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Crystal clear: This transparent sapphire watch is worth $1.28 million

No metal is used at all in the creation of the dial and case, allowing for a panoptic view of as much of the movement architecture as possible.

Bloomberg|
Last Updated: Jun 20, 2016, 05.07 PM IST|Original: Jun 20, 2016, 05.07 PM IST
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No metal is used at all in the creation of the dial and case, allowing for a panoptic view of as much of the movement architecture as possible.
No metal is used at all in the creation of the dial and case, allowing for a panoptic view of as much of the movement architecture as possible.
From Greubel Forsey, maker of what are some of the most supercomplicated timepieces in the world, comes the Double Tourbillon 30° Technique.

It’s a watch the company’s made for a while, but now it’s offered in, you guessed it, an all sapphire case. Greubel Forsey calls it the “pinnacle of transparency”, and it’s easy to see why.

No metal is used at all in the creation of the dial and case (save for the winding pin), allowing for a panoptic view of as much of the movement architecture as possible.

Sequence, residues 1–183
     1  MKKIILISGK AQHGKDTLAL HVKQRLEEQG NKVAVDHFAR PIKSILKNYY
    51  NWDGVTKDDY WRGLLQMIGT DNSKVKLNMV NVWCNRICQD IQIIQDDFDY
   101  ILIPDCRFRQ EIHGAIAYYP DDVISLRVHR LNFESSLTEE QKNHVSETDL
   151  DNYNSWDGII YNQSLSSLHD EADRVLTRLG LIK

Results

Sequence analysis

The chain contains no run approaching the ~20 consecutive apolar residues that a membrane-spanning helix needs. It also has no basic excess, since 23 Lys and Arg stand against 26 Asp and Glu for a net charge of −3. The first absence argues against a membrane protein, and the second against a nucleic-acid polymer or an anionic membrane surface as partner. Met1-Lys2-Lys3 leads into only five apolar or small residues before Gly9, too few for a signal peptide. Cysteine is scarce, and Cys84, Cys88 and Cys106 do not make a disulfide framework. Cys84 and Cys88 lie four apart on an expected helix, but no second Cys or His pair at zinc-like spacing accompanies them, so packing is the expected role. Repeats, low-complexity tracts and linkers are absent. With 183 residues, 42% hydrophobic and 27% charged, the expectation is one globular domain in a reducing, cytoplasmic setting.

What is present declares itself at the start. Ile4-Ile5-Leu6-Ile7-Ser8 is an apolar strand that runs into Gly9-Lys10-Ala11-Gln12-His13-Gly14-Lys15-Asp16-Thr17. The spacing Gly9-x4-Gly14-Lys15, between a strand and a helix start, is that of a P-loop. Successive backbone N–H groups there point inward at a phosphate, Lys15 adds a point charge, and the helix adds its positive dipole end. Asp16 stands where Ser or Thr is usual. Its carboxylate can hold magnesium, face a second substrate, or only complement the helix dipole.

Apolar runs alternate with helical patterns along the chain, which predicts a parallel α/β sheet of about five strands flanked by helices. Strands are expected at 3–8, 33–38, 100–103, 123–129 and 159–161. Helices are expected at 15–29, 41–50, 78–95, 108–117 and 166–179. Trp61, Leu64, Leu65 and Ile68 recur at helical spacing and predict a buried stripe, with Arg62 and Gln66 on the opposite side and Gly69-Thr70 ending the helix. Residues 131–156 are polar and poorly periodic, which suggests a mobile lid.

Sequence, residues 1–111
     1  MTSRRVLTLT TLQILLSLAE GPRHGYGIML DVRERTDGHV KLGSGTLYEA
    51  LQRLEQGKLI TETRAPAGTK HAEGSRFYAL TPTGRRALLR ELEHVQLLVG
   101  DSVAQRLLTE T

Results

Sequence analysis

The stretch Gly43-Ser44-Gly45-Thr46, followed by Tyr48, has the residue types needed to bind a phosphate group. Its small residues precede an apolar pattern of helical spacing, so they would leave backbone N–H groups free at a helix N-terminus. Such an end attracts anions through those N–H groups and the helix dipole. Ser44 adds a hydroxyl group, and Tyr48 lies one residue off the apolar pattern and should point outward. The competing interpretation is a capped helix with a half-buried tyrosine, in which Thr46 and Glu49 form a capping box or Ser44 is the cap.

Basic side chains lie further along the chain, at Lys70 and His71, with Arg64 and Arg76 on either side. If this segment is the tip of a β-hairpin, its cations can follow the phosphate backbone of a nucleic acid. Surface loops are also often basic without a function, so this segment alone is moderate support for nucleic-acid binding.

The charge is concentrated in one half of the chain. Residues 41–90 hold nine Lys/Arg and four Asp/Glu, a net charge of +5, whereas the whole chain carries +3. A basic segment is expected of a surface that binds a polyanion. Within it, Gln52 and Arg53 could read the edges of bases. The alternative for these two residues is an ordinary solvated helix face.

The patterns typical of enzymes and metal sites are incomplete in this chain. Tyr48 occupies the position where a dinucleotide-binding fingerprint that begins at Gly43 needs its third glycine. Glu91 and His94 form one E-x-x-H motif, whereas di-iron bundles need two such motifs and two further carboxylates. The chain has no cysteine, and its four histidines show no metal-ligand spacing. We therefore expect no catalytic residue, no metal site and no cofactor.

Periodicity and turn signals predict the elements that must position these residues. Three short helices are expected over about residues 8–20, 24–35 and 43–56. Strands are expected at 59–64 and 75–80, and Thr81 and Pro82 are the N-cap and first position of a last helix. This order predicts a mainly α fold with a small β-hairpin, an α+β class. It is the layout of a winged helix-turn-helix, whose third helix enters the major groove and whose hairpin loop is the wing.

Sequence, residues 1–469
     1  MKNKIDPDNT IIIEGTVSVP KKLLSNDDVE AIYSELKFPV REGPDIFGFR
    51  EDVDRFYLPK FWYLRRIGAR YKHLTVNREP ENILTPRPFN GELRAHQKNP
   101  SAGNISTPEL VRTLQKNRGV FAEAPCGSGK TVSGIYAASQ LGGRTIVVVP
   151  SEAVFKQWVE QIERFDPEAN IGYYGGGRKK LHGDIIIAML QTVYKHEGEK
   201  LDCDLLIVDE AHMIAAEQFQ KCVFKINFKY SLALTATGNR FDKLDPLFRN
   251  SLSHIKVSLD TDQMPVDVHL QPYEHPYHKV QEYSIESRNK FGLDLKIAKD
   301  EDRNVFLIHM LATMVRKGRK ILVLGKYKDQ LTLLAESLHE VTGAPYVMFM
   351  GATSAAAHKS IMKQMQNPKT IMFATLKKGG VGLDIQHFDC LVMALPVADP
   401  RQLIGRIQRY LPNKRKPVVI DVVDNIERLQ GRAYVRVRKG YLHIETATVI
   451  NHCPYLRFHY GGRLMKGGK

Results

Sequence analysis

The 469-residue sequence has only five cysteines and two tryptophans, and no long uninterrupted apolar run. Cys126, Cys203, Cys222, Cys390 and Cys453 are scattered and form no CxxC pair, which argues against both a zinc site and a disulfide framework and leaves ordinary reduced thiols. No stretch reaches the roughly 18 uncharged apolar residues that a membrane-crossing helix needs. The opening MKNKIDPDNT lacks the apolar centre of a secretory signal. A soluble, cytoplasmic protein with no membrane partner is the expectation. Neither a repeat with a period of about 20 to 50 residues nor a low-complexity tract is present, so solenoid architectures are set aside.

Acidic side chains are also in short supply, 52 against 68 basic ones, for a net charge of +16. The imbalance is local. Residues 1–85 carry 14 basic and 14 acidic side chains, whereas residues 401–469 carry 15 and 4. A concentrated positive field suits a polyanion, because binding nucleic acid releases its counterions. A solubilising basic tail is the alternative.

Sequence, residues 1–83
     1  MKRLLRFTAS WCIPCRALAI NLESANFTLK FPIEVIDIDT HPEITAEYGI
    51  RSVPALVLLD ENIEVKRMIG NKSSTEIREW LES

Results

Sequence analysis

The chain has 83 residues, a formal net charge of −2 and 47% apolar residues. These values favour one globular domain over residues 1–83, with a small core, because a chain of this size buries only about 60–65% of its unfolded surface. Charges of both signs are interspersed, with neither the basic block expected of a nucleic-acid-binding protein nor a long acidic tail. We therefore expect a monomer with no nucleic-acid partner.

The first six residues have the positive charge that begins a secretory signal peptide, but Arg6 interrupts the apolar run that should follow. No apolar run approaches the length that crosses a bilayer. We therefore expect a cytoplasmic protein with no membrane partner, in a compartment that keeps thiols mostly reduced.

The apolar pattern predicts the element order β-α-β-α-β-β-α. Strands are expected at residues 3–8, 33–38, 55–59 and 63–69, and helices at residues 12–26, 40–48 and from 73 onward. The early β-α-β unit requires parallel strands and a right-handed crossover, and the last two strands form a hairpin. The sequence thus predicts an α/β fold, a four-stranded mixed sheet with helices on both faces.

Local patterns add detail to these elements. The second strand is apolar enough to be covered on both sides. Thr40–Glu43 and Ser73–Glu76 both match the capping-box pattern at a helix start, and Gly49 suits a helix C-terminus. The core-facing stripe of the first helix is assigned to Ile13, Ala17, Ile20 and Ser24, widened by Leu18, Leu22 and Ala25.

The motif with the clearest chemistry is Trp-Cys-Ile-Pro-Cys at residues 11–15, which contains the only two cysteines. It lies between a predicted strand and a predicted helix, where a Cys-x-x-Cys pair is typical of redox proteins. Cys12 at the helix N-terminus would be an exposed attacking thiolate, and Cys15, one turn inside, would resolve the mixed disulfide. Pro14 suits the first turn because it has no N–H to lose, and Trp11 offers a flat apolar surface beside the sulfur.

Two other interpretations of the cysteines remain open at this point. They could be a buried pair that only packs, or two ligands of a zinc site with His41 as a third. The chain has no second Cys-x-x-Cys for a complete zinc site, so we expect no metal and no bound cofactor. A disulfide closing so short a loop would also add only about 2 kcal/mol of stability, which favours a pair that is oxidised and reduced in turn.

Cut from a single large sapphire crystal, including the rounded, multiangular case horns, the entire move-ment is flooded with light within its 38.4mm case, allowing a view into its multi-tiered design from all angles. This watch uses sapphire in several places, including the crown.

Its actual 396-part movement may not be new— the patented tourbillon movement was first unveiled in platinum — but now its prowess is on full display. The hand-wound calibre, with 120-hour power reserve, packs two tourbillon escapements, one inside the other.

Two tourbillons that rotate at different speeds are showcased here: An outer tourbillon rotates every four minutes while an inner tourbillon, every 60 seconds.

All of this has helped the movement achieve a never-before-seen 915 out of a possible 1,000 points at the International Chronometry Competition. The watch costs $1.275 million.
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